Next summer, when you go to the multiplex, you’ll be given a choice of two futures. In one, Terminator Salvation, a postapocalyptic world is ruled by a merciless computer and human beings are hunted by killer robots (civil rights, freedom of speech, privacy — they’re all out the window). In the other, Star Trek, different species from different worlds unite in a benevolent United Federation of Planets and send bold explorers to places no one has gone before (universal health care, green energy — they’ve got everything). The choice is yours: Terminator or Trek. Fear or hope. Six months from now, which movie will best connect with the national mood?
Three weeks after the election of Barack Obama as President of the United States, a lot of folks in Hollywood are asking themselves that kind of question. Never mind the change Obama’s about to bring to Washington; what’s his presidency going to mean to entertainment? Most Commanders-in-Chief leave big footprints on the culture. JFK launched America into the New Frontier amid visions of Camelot and cheery fare like The Dick Van Dyke Show. Reagan made it morning in America with a patriotic surge that produced Tom Cruise in Top Gun and the sweet excesses of Dynasty. George W. Bush set the world stage for jittery, paranoid dramas brimming with government conspiracies (even the Dark Knight violated wiretapping laws). And now there’s a new guy moving into the West Wing — elected on a platform of hope — with the potential to plant Sasquatch-size tracks all over the zeitgeist. ”The idea of change and hope has permeated the country, regardless of politics, and that includes Hollywood,” says Kevin Feige, president of production at Marvel Studios, home to Iron Man and the soon-to-be-launched Captain America. ”Discussions in all our development meetings include the zeitgeist and how it’s changed in the last two weeks. Things are being adjusted.”
With the inauguration still months away, it’s too early to start measuring the exact dimensions of the Obama Effect. Some, like writer-director Nora Ephron (Sleepless in Seattle), are skeptical that it will transform Hollywood, or that it even exists. ”Wouldn’t it be great if it did, but absolutely not,” she says flatly. Others seem a tad overexcited. ”Wouldn’t it be great if American movies could capture this spirit!” beams director Curtis Hanson (L.A. Confidential). Most, though, like screenwriter John August (Charlie’s Angels), are cautiously optimistic. ”There probably will be an echo effect as a popular president interacts with popular things,” he says. ”For example, if Obama starts wearing cardigans, you won’t be able to keep them on the shelves.”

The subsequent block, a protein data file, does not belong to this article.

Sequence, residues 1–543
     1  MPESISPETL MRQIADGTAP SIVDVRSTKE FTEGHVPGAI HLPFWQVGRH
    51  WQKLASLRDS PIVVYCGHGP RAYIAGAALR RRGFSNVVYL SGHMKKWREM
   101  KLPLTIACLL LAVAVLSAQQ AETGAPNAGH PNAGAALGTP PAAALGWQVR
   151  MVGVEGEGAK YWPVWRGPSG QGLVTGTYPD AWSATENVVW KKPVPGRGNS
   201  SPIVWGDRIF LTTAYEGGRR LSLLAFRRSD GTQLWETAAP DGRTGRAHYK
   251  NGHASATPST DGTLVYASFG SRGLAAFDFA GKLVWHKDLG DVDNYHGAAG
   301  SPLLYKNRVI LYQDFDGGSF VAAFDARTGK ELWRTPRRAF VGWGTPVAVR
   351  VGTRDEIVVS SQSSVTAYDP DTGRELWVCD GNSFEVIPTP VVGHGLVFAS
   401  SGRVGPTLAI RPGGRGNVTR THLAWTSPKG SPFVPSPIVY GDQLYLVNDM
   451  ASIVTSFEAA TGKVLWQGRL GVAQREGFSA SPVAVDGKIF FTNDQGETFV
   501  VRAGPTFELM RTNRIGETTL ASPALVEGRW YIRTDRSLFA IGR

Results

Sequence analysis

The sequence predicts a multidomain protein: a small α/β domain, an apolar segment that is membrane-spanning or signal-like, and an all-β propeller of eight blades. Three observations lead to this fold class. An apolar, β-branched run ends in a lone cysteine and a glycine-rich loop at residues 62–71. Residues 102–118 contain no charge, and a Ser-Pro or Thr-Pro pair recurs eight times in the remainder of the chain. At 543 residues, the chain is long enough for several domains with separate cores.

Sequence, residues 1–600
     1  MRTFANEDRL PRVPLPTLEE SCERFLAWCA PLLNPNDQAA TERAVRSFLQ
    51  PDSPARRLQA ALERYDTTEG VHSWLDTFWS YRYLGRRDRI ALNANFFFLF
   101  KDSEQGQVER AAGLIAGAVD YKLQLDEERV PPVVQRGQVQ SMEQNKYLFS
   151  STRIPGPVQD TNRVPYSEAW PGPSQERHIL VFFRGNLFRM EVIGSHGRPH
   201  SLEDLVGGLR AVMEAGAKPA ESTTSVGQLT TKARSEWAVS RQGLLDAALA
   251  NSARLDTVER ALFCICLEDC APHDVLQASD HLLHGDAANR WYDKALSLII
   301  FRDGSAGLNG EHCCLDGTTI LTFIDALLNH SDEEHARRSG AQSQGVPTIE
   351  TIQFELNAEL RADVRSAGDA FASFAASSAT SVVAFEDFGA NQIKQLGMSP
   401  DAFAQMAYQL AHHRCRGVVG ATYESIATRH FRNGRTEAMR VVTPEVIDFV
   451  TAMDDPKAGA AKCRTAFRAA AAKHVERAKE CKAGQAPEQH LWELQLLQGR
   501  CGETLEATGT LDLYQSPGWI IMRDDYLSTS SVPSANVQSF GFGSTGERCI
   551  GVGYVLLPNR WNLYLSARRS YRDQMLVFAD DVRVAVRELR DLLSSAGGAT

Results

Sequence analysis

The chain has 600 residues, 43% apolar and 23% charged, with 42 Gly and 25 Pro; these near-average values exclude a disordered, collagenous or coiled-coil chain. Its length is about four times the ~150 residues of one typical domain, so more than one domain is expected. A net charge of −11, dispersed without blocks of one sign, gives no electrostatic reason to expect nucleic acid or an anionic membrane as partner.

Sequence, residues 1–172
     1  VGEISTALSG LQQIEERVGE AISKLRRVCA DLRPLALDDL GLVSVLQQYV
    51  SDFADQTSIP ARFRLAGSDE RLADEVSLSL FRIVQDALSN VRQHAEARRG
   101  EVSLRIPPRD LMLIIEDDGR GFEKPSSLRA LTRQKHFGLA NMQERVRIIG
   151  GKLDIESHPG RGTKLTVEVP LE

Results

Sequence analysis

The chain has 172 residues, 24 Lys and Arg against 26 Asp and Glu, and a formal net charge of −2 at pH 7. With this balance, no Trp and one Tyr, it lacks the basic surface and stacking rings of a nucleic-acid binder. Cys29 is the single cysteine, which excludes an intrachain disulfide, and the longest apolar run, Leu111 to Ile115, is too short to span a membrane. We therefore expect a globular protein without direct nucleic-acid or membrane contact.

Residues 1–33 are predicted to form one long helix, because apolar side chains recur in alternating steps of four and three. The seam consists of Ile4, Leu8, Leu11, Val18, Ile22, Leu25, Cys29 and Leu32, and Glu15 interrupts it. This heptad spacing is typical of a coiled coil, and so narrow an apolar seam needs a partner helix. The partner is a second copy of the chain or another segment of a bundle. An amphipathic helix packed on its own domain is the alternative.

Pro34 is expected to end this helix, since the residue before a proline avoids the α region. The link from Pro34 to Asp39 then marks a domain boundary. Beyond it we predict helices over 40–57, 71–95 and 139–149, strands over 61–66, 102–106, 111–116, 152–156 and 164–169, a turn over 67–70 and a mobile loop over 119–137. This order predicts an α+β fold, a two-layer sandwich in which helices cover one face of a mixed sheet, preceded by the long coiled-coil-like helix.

Nobody in Hollywood or elsewhere would disagree that Obama has already become the biggest celebrity in the world. Even before the election, he was drawing more TV viewers than American Idol and larger crowds than Bono (with speeches that were almost as political!). True, he wasn’t everybody’s choice — some 58 million Americans voted for John McCain — and optimism may be difficult for even Hollywood liberals to summon if the recession grinds on indefinitely. Still, Obama did make a Kennedyesque connection with younger voters, known in Hollywood as the critical 18-to-34-year-old demographic. He even got their e-mail addresses. At only 47, he’s hip enough to post his favorite music on Facebook (Miles Davis, Bob Dylan, the Fugees), and what he doesn’t know about entertainment he’ll learn from those two young Hannah Montana fans he’ll be sharing the White House with. (His daughters, Malia, 10, and Sasha, 7, have already been invited on the show.) We obviously can’t predict everything that’s going to happen to pop culture once the new president-elect takes office, but you don’t have to be Doris Kearns Goodwin to see that some sort of change is coming.
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